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Trusts for Property Lawyers - Webinar Package

NZ $255.00
incl GST
Andrew Watkins Simon Weil
Andrew Watkins
Duncan Cotterill
Christchurch
Simon Weil
Morrison Kent
Auckland

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Webinar Package includes:

Archive Presentation  l  Booklet  l  PowerPoint Presentation

 

Webinar Package Fee (incl GST)
$205 - NZLS members and Associate members
$255 - Non-members

Note: Access to the online files is via your "My CLE" page. If you would like to purchase multiple packages, please contact us here.

 

Webinar Archive Presentation


Presentation time: 120 minutes

New Zealanders’ love affair with trusts continues unabated, whether for estate planning, tax planning or inheritance planning, or to protect against claims from creditors including on relationship breakdown. In this current epoch of financial instability and changing social attitudes, there seems to be an undercurrent of expectation and entitlement that is questioning some of the underpinning tenets of what, traditionally, were sacrosanct principles of trust law. Consequently, property lawyers are faced, like never before, with the challenge of implementing trust structures in an environment where legislative provisions can sometimes allow chinks to thwart the intentions of the client.

This seminar will help property lawyers understand crucial issues in order to minimise the risk of the trusts they establish being vulnerable, and to stand a better chance of achieving what is originally intended, by up-skilling on fundamental aspects of trusts law.

You will gain
  • a better understanding of problem areas to be addressed and some options for dealing with them more efficiently
  • knowledge of core aspects of trust work and how they are affected by the PRA and FPA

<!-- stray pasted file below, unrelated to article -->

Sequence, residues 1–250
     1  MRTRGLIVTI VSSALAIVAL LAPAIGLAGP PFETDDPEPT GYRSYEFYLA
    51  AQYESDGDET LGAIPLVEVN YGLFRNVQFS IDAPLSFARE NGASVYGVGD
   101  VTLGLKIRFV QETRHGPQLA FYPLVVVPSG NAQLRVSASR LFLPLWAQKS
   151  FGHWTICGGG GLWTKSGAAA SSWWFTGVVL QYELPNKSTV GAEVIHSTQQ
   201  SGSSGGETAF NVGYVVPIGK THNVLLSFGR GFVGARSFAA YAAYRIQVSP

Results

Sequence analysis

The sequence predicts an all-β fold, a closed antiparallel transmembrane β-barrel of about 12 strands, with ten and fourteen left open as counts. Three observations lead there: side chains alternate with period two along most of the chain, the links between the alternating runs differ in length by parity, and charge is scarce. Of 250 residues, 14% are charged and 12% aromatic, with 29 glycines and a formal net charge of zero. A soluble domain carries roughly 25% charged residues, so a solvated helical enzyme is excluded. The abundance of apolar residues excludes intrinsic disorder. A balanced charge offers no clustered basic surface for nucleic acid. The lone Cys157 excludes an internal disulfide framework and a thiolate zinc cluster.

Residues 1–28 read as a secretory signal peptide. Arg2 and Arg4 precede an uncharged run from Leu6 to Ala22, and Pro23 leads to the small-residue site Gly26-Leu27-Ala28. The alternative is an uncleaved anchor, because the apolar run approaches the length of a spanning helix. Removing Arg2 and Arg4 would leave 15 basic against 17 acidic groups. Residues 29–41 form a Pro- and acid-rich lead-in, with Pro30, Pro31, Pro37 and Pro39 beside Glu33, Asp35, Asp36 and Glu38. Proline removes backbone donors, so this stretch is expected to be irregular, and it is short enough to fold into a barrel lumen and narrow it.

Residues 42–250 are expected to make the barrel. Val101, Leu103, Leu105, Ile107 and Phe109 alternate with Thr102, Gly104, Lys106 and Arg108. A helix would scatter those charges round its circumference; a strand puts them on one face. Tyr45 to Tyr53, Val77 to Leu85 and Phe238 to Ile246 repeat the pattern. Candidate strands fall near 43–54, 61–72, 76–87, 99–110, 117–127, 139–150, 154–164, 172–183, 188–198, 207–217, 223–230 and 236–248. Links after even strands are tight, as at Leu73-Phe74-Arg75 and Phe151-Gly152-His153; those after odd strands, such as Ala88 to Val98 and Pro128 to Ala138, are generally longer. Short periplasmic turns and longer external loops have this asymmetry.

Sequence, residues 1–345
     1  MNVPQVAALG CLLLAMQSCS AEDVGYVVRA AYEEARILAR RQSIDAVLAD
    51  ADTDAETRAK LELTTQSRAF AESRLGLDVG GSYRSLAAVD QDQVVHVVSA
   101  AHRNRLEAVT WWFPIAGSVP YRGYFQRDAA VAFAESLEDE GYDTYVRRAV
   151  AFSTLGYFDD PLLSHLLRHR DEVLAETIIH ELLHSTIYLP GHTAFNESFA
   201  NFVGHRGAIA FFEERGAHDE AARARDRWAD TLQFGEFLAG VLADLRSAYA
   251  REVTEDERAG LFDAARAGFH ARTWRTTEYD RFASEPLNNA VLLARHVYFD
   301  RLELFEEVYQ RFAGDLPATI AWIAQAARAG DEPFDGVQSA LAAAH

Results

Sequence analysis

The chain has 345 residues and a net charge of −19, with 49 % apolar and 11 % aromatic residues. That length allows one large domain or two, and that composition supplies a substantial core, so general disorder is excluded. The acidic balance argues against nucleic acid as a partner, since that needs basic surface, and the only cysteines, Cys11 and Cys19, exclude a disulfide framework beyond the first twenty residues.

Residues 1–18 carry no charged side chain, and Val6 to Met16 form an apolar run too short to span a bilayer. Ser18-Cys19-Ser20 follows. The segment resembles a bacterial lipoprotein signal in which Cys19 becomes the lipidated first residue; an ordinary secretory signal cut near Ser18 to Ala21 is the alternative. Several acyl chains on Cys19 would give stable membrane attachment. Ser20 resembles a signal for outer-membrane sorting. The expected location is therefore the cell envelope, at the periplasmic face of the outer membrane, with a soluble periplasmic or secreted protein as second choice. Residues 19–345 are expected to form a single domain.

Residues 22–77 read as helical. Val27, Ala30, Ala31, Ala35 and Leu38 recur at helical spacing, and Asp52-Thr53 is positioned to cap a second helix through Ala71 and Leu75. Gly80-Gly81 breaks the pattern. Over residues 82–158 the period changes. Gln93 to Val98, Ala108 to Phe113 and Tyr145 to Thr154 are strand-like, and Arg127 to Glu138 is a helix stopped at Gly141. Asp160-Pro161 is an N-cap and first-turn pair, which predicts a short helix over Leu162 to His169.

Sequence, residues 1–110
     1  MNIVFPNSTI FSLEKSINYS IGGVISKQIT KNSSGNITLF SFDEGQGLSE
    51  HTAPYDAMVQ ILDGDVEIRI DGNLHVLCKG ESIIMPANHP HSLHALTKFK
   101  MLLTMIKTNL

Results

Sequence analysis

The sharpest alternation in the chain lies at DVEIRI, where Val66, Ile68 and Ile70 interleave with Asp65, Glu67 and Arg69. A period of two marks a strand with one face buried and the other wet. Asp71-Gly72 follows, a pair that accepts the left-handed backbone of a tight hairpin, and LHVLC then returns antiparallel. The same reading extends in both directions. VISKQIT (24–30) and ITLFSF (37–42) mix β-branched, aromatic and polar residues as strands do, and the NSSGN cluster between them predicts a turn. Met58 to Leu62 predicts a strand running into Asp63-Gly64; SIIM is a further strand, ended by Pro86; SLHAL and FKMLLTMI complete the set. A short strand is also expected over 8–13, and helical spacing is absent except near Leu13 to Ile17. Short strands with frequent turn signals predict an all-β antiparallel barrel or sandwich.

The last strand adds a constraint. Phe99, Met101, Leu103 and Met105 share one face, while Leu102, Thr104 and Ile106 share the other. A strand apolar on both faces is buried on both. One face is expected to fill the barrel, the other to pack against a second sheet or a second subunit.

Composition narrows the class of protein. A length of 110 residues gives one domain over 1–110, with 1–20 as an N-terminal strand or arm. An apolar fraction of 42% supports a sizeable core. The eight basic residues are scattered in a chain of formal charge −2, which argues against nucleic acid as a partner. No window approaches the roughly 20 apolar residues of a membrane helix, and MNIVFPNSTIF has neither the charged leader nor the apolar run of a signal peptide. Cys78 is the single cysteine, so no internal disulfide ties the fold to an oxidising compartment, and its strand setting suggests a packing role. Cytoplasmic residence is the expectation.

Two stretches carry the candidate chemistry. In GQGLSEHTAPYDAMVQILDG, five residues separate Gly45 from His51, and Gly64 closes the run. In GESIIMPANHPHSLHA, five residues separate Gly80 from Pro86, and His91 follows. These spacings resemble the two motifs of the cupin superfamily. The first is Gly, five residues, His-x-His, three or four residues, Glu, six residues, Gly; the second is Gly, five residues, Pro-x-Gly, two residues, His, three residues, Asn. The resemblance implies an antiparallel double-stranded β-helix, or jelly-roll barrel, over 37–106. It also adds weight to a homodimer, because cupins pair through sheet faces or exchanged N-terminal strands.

• awareness of the need to know when you are out of your depth and it is time to refer your client to a specialist
  • an understanding of the interplay between the accountant, lawyer and client to achieve best outcomes
  • toolbox tips and practical checklists – questions to ask your clients

The seminar will be divided into three sections. The first will cover the setting up of a trust and what is required in the documentation, with topics covering when a trust is needed or not needed, tax, relationship property, succession planning and  credit protection.

The second section will discuss legislative limitations of trusts and the pitfalls and attacks that can be made against them. Topics will cover:
  • a general list of key ways to attack trusts
  • key provisions of the PRA and FPA
  • constructive trusts
  • the Trustee Act
  • beneficiaries rights
  • trustee conflict issues, and  
  • an amalgam of commercial issues including the Social Security Act and the Insolvency Act... and more.

The third section will make use of a factual scenario to illustrate points raised in the first two sections.

Please contact us if you use a dial up internet connection.

 

Booklet


Authors: Andrew Watkins, Simon Weil
Published: 21 November, 2012
Pages: 107

   

Introduction

Over the last 15 years the number of inter vivos trusts set up in New Zealand has significantly increased. Tax returns were filed for 245,800 trusts as at 31 March 2009, an increase of over 100,000 since 2001. As many trusts don't produce income and thus don't file returns it is likely that there are currently over 400,000 trusts  in New Zealand or about one trust for every ten New Zealanders.